FDA Bans Seven Food Additives that Cause Cancer

Consumers will no longer have to worry about these hidden carcinogenic ingredients in their food.

In response to a lawsuit brought by NRDC and a coalition of health, consumer, and environmental groups, the U.S. Food and Drug Administration today banned seven cancer-causing chemicals found in artificial flavoring used for various food and beverages. “Carcinogens have no place in the food we feed our families,” says Erik Olson, director of Health & Food at NRDC. “This is welcome news for millions of Americans who have been unknowingly snacking on cancer-causing chemicals for far too long.”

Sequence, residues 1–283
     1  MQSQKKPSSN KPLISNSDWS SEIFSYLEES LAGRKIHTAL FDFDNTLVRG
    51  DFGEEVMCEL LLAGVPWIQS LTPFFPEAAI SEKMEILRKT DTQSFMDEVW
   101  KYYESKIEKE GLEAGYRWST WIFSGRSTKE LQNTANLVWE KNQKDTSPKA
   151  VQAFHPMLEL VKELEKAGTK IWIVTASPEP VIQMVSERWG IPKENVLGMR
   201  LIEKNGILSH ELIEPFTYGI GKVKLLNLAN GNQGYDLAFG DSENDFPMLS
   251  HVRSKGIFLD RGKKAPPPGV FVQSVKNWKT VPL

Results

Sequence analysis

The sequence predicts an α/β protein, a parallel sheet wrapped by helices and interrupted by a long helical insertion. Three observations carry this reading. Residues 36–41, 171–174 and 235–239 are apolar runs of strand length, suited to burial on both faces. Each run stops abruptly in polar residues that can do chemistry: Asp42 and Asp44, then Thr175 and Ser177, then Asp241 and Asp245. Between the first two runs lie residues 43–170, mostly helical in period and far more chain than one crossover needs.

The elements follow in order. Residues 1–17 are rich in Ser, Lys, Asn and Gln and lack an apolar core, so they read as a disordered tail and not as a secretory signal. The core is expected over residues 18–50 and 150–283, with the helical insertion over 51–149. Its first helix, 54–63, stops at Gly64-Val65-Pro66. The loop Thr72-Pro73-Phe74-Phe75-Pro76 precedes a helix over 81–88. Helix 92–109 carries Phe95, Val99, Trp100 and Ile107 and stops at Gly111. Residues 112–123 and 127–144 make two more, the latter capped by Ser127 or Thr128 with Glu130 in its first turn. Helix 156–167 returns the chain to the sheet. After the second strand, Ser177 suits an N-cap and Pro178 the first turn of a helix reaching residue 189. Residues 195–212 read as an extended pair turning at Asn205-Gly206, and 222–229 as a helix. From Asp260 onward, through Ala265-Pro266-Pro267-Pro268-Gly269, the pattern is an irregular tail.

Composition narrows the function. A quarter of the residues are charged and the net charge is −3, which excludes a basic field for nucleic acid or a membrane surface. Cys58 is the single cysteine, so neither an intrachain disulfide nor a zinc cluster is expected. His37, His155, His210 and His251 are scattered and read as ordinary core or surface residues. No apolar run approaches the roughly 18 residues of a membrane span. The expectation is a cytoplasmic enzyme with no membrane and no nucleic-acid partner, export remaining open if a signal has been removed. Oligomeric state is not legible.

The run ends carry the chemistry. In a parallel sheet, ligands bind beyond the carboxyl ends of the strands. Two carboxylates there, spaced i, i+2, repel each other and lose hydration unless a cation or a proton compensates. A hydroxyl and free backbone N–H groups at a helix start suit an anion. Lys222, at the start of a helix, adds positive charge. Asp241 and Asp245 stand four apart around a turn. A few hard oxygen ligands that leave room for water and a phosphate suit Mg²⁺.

The seven chemicals have been routinely added to a wide range of beverages and food, including baked goods, candy, chewing gum, and ice cream. They’re listed on the ingredient list as “artificial flavors” rather than by their full names: benzophenone, ethyl acrylate, methyl eugenol, myrcene, pulegone, pyridine, and styrene.

The public health win comes amid an administration-wide effort to loosen protections against harmful chemicals—like the FDA’s lack of action to ban several phthalates, as well as the U.S. Environmental Protection Agency’s moves to weaken the Toxic Substances Control Act.

“The FDA’s free pass for these dangerous secret ingredients stops now,” Olson says.

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